The Commission on Justice is exploring the proposal to divide the existing legal system into two distinct jurisdictions, one for England and one for Wales. In this scenario, we would have a formal body of Welsh law, courts which sit as Welsh courts and decide Welsh cases. Similarly, this would also create, notwithstanding the common usage, a formal body of truly English law and English courts. But crucially also the Commission is looking at the numerous problems faced by the justice system as a whole. It is considering the obvious synergies which exist between those public services that are already devolved such as health, social services and housing, and those that are currently not, such as policing and justice - and the practical tensions created by placing the boundary of devolution where it is now.
The Welsh Government is clear that a Welsh legal jurisdiction should be created to the benefit of both England and Wales, and that policing and justice-related matters should be devolved. It is time to rationalise our jurisdiction and governance arrangements - to complete the devolution process and create a stable and coherent system of government for Wales. One that facilitates efficient and effective delivery of services to people in Wales.
There’s nothing to fear …
Changes of this sort naturally elicit some concern. But this is not new in the United Kingdom. In Scotland, Scots law in devolved areas diverges from English law, while in those subject areas reserved to Westminster, where the United Kingdom Parliament legislates to change Scots law, (as it does into the laws of England and Wales), the laws across, England, Scotland and Wales are aligned. And the laws of Scotland are applied in Scottish courts –in both devolved and reserved subject areas.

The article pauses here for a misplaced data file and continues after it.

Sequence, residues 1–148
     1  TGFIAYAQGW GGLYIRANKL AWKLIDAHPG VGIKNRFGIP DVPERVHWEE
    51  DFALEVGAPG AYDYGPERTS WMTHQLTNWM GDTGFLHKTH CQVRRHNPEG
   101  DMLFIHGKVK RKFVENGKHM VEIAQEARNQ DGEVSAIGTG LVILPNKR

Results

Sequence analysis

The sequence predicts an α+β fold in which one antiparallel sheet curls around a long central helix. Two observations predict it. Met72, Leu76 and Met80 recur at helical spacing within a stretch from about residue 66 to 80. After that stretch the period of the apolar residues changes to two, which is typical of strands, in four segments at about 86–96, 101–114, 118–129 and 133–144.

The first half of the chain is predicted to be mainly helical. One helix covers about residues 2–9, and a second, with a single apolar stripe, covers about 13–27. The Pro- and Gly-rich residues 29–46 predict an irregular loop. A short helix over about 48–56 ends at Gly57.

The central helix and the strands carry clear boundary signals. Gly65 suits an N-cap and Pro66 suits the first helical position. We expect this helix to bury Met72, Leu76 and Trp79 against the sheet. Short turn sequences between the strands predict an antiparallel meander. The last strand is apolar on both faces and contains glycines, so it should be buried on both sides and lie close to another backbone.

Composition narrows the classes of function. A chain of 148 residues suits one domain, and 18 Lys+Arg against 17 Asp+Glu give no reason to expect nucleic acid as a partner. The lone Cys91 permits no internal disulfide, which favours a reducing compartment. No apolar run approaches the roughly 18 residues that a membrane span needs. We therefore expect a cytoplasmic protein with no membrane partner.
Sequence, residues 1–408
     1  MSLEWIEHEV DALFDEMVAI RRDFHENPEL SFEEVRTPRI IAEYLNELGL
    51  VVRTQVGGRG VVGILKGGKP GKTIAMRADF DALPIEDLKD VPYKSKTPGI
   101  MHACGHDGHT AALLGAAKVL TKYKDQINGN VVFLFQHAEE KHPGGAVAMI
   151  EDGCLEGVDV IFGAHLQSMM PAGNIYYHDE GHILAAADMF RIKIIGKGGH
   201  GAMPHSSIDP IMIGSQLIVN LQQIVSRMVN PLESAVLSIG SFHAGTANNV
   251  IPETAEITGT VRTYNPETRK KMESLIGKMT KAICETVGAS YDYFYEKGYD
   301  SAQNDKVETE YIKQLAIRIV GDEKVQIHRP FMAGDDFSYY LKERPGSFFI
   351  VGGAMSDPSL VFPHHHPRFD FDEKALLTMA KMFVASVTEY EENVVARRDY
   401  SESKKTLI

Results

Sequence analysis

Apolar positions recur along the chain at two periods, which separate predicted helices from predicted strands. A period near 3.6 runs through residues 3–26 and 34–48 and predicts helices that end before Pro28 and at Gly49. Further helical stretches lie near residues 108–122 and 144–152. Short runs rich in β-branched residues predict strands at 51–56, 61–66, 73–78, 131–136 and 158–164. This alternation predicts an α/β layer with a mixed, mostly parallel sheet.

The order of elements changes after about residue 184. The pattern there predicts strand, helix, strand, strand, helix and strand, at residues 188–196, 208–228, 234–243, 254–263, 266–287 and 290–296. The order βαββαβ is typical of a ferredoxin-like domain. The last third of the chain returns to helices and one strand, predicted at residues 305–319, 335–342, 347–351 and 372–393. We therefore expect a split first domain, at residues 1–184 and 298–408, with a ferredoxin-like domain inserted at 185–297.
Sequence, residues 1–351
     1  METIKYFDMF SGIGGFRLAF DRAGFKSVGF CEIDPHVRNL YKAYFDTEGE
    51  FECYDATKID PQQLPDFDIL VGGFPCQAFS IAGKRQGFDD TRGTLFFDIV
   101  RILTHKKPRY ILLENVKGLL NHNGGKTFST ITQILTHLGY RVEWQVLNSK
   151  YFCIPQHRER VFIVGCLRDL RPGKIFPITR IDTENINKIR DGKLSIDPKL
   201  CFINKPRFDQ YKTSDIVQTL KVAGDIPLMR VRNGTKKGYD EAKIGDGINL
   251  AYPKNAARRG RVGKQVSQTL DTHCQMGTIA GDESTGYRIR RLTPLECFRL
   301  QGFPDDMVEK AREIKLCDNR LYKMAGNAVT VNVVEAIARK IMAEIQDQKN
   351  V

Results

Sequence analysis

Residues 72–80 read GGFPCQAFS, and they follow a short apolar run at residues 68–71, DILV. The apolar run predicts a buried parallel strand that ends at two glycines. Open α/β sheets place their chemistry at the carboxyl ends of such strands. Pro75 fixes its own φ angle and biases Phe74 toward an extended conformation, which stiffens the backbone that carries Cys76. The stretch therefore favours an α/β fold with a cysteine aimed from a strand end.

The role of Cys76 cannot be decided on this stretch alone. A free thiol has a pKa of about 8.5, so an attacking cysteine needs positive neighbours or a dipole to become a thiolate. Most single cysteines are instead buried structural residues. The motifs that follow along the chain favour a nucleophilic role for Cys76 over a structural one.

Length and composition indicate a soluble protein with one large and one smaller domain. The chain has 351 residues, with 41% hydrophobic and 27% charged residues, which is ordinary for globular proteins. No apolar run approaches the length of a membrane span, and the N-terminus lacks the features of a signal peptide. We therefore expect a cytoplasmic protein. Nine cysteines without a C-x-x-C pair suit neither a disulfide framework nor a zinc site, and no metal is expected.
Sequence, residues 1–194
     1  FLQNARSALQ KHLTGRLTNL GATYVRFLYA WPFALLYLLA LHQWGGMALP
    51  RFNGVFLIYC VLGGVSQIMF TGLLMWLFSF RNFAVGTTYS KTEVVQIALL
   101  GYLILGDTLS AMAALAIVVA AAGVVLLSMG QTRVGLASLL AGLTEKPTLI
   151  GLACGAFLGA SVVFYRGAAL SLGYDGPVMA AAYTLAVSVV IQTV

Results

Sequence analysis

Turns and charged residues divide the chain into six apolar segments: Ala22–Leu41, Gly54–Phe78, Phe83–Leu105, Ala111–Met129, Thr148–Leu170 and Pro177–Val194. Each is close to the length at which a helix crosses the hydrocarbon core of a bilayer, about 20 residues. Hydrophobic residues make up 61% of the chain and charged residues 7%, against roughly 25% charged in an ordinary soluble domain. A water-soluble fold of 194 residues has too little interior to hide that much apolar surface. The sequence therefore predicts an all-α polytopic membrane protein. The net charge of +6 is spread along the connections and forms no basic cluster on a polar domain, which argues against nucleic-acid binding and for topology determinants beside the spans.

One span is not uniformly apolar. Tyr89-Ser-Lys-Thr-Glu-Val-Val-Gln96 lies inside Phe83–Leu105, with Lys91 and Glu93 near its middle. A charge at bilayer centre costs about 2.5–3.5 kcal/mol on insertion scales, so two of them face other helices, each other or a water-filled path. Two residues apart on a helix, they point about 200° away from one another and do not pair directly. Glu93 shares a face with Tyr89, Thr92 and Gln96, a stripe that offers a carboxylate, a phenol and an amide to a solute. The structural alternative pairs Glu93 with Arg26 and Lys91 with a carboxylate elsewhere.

The jurisdictions co-exist very happily. But in visiting Welsh law firms over the last few months, I know some are concerned about how a Welsh legal jurisdiction could affect Welsh lawyers. I don’t believe they should be concerned. Common legal education, automatic dual qualification, and cross-ticketing of judges and tribunal members are all solutions that will facilitate lawyers and litigants operating smoothly in two jurisdictions, rather than one common jurisdiction. And change will not happen for change’s sake.
I am also aware that larger commercially focused law firms in Wales generate a large proportion of their work from outside Wales. But there is no reason why creating a Welsh jurisdiction should be a barrier to this market. I have no doubt that Welsh firms will benefit from being ‘English’ common lawyers, while at the same time having specialist knowledge of and qualification to practice the law of Wales.
Indeed, creating a distinctly Welsh jurisdiction would enable us to develop arrangements which not only are as effective as the current arrangements, but would be even more effective in addressing the specific needs of individuals, businesses and organisations living and operating in Wales.
Devolution is the settled will of the Welsh people and it is clear that the people of Wales desire an effective Parliament and Government able always to act in their best interests. But to fully achieve this, the powers devolved must be less constrained and crucially, be more coherently delineated. The Welsh Government proposal is a sensible, practical solution to a number of issues, rather than a radical upheaval. It is now a case of when and not if this will happen.
Jeremy Miles AM is counsel general for Wales.